John Green uses his site to promote his books, podcasts and charity projects, amongst other things. His store is full of related merchandise and of course links to his movie adaptations. We gotta dream, people.
Rainbow Rowell has a store full of book-related merchandise. The FAQs are also cool.
JK Rowling’s site includes her books she writes as Robert Galbraith, as well as the books she wrote under her own name. Harry Potter has his own website, another dream, right?
https://www.jkrowling.com/ and https://www.wizardingworld.com/
It should come as no surprise that the author of Where the Crawdads Sing is a zoologist. I didn’t know that. Her website told me. On the site you will find her non-fiction Zoology books and a ‘Book Club Kit’ for Where the Crawdads Sing.
Neil Gaiman has a lot of sections on his site, but given the diversity of his work, it makes sense. He has a journal. He posts essays and short stories and interviews. He has a separate site for younger readers with ‘read alouds’ of his work.
https://www.neilgaiman.com/ and for the little ones https://www.mousecircus.com/
Do you notice anything about the URLs? Might be time to invest in one of your own.
Take a deep breath. This looks like a lot. All you wanted to do was write a book, right?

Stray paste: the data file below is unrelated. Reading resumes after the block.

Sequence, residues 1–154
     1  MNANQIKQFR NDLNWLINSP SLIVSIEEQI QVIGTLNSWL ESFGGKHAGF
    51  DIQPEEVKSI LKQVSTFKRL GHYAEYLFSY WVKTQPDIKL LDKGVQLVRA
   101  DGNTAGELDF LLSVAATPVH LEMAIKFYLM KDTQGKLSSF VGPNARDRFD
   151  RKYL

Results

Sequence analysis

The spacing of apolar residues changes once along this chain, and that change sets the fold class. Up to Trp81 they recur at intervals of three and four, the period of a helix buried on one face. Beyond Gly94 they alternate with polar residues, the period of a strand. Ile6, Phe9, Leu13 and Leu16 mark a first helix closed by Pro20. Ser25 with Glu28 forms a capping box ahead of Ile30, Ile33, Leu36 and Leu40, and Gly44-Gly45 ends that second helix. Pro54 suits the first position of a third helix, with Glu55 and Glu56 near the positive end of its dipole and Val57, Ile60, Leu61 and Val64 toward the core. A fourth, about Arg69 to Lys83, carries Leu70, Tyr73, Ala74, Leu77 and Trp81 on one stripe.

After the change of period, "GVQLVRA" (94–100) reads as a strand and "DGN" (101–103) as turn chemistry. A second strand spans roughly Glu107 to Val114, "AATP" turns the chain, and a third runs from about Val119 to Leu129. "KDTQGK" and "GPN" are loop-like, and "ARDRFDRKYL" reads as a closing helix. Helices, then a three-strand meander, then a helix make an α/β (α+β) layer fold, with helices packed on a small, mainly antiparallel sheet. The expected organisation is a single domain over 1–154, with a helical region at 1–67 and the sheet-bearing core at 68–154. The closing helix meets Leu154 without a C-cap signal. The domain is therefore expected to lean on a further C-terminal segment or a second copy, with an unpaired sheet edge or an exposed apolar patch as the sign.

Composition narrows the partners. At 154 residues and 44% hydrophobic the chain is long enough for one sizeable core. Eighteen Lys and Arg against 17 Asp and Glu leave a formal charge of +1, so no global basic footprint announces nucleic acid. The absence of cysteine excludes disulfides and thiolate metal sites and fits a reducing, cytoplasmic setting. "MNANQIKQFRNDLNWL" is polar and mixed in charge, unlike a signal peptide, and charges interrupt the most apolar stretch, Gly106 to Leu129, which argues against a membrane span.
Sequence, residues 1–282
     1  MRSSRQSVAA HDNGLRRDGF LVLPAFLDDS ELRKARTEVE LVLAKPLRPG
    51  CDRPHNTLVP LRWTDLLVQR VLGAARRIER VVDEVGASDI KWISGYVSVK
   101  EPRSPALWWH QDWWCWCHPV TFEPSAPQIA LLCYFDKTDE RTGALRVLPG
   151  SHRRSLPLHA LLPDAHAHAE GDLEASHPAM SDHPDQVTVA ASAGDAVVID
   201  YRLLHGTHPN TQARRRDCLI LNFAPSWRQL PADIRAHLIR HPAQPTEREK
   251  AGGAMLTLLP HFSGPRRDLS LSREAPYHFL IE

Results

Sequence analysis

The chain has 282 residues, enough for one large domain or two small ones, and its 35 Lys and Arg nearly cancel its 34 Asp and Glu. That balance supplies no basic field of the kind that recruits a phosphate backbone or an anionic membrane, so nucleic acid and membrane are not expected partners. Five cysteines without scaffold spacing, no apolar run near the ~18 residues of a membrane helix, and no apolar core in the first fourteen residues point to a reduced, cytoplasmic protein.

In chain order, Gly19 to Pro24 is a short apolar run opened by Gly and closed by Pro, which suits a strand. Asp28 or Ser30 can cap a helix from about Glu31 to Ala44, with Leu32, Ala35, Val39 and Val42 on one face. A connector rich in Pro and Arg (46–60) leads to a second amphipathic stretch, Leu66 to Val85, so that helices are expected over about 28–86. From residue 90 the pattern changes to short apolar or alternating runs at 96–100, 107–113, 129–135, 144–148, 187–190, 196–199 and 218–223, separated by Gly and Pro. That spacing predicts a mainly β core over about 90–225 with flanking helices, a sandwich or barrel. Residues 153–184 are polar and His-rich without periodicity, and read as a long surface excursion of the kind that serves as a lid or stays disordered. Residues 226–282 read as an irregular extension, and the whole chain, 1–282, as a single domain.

Relax, we’ll break it down. Rome wasn’t built in a day, nor were any of these websites and yes, they all only had one book at some stage.
In the next post, we’ll discuss more ideas and steps for you to build your author platform. There’ll be posts about the mechanics, important website pages, linking to social media and content generation to name a few topics.
Brainstorm ideas about what you can post on your site. I hope it includes short stories.
Here’s to new adventures and growing as writers.
Read about the Power of 12 Short Stories:
Click image to read the previous Power of 12 Short Stories post.
Following from HoneyMustard’s comment, I’d also like to thank you for such a concise yet super helpful post. I look forward to browsing the examples you mentioned. Funnily enough, the same question bubbled up for me while I read through: What if I haven’t yet written a novel, could/should I create an author platform now to build a following in the meantime? I guess I’m struggling to brainstorm what I would post at this stage without feeling “too big for my boots”. Any suggestions?
Keep it simple. Share some of your work. Write about your writing, share your short stories, until you have the novel up. Think of it as wearing flipflops, if you’re not up for the boots yet. You are setting your intention.
This is immensely useful, thank you Mia. What if one hasn’t published anything yet, and is still working on one’s debut. When is the best time to start putting together a platform when you’re that constrained? I suppose it’s harder to find those sort of examples of author platforms, right? Perhaps someone in this community already has a site like that in the making and would like to share?
The sooner you start the better, but you need to finish that book. Building a following takes time. Andrea Robertson has a very simple site. It may be a good place to start. Once you have the site you can decide what you would like to post. We’ll be posting about the important website pages in a few weeks. It’ll give you an idea of how simple it can be.